The epic spectacle of Le Tour de France will begin again on Saturday in Utrecht as the riders compete over a 14 kilometre time-trial for the honour of being awarded the first yellow jersey in the races 102nd edition. Le Tour is the most important bike race in the world, the greatest annual sporting event, and, for cycling fans at least, the greatest sporting event of any kind, bigger than the Olympics or football’s World Cup. A reputed 3.5 billion people worldwide will watch at least part of the race on television, while 12 million will line the route for a fleeting glimpse of the riders as they fly past.
Over the coming weeks Le Tour will, as it has always done, both excite and infuriate. Never black and white, its history is one of drama, superlative effort, and sporting achievement, mixed with scandal and the worst of human frailty. To celebrate this rich heritage starting from Saturday 4 July Cycling History is devoting the following 23 days to Le Tour by delving into the archives to provide a stage by stage anthology of highs, and lows, from the race’s history. There are so many stories to choose from, making the final choice of which to include very difficult indeed. If you’re already a fan of Le Tour then you will already have your own favourites. The stories I have chosen are among mine, and I hope they reflect not only the drama of the race but other aspects that are part and parcel of the fabric of Le Tour and of professional road racing. No doubt I will omit a story that you think deserves inclusion. I hope, however that you enjoy my selection.
We begin, as have so many Tour’s, with the prologue. Technically not part of the race proper, but a way of selecting the rider who will wear the leader’s Maillot Jaune at the start of stage 1 and an opportunity to introduce all the riders to the public one-by-one. The prologue is run as a short time-trial stage, typically over a distance no greater than 8 kilometres, with riders setting off at regular intervals to ride solo against the clock. The fastest over the course is the winner and dons the yellow jersey as the official leader of Le Tour. The first prologue, officially described as stage 1a, took place back in 1967 in the city of Angers over a distance of 5.8 kilometres and was won by Jose-Maria Errandonea Urtizberea in a time of 7 minutes and 43 seconds at an average speed of 45.09 kph, beating the ‘Eternal Second’ Raymond Poulidor into second place by 6 seconds.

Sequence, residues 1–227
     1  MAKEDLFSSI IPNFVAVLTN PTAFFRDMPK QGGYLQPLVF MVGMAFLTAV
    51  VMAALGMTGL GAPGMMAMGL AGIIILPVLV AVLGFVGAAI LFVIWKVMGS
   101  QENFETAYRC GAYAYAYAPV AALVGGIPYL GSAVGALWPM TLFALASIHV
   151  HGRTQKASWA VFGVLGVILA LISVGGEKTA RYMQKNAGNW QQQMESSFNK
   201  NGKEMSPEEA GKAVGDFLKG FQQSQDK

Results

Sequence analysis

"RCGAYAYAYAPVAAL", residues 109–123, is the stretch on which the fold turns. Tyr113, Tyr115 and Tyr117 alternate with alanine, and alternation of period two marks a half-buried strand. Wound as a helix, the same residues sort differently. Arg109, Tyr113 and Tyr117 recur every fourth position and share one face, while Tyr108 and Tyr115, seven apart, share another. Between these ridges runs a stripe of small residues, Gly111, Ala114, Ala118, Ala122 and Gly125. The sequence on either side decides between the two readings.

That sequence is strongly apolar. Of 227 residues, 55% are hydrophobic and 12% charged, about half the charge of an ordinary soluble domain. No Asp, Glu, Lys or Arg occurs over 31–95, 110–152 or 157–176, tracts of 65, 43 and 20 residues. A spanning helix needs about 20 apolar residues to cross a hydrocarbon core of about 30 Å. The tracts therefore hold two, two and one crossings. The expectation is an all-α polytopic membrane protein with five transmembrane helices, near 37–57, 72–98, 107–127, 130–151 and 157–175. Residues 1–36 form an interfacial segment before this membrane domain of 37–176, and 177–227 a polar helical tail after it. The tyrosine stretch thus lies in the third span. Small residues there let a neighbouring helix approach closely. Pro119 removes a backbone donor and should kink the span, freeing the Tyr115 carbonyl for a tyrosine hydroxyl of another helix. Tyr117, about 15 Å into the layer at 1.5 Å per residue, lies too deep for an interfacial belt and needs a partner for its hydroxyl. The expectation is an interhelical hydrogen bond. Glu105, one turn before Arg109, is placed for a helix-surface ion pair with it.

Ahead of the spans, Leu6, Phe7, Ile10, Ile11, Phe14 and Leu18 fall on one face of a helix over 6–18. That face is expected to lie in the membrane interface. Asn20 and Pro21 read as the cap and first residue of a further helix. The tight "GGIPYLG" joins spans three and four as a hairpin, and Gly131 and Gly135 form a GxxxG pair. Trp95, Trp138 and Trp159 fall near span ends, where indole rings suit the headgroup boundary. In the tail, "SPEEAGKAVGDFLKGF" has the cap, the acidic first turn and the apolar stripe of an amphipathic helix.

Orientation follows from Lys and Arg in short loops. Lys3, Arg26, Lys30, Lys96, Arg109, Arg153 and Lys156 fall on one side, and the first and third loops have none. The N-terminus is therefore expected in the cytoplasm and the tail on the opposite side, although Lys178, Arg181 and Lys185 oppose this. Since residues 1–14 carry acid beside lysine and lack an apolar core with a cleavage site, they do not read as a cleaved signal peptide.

Fast forward 27 years to Lille on the 2 July 1994 and Le Tour riders were once again lining up for the prologue. The question of the day was who of the favourites would win. Topping the list was Miguel Indurain, reigning Tour champion and three time winner, a time-trialer par excellence, and the victor of the previous 2 prologues in 1991 and 1992. Also in the mix were Tony Rominger and Alex Zulle, and the neo-pro riding his first Tour, Chris Boardman.
Like Indurain, Boardman was a specialist at the time-trial. Unlike Indurain, he had cut his racing teeth in the insular, competitive world of amateur racing against the clock in Britain, rather than professional road racing . A five times consecutive winner of the British 25 mile time-trial championships from 1989 to 1993, he was also the 1992 Olympic champion in the 4 kilometre pursuit and the holder of the Hour record with a distance of 52.270 kilometres set at the Velodrome du Lac, Bordeaux, on 23 July 1993. A feat which had earned him a place on the podium alongside Miguel Indurain when Le Tour rolled into Bordeaux later the same day. While Indurain, Rominger and Zulle were at Le Tour with the intention of reaching Paris in yellow, Boardman had no pretensions as to his chances in that direction. His aim was purely and simply to win the prologue. As he later put it, “At the 1994 Tour, everybody went for a three-week race. I went for seven minutes.”
And what a seven minutes they were. Riding a version of the Lotus 108 bike he’d used at the Olympics which had been modified for road use Boardman tore round the flat course in central Lille catching Luc Leblanc for a minute and covering the 7.2 kilometre course in a time of 7 minutes and 49 seconds. A year earlier Leblanc had sniffily dismissed Boardman’s Hour, stating that if he could do it then so could half the professional peloton, which must have made the catch all the more sweet.
Zulle, Rominger, and Indurain, all followed Boardman onto the course but none of them were able to better his time, Indurain losing 15 seconds to gain second place on the day. Boardman’s average speed over the course was 55.152 kph, a prologue record that stands to this day, and an individual time-trial record that stood for 16 years until Dennis Rohan completed the 14 kilometres of the 2015 stage 1 time-trial in Utrecht at an average speed of 55.4 kph. Boardman’s prologue win was a superlative effort and a great victory over three of the best against the clock that professional racing could offer.
And finally. I’ll be watching Le Tour this year from my sofa, enjoying British broadcaster ITV4’s coverage and the commentary of Phil Liggett and Paul Sherwen. One of the highlights for me of each year’s TV coverage is the montage played with the closing credits of the final programme. Here’s the 2011 edition. Dramatic scenery, thrills, spills, bonkers fans, and AC/DC. Enjoy.
by Mike Dash
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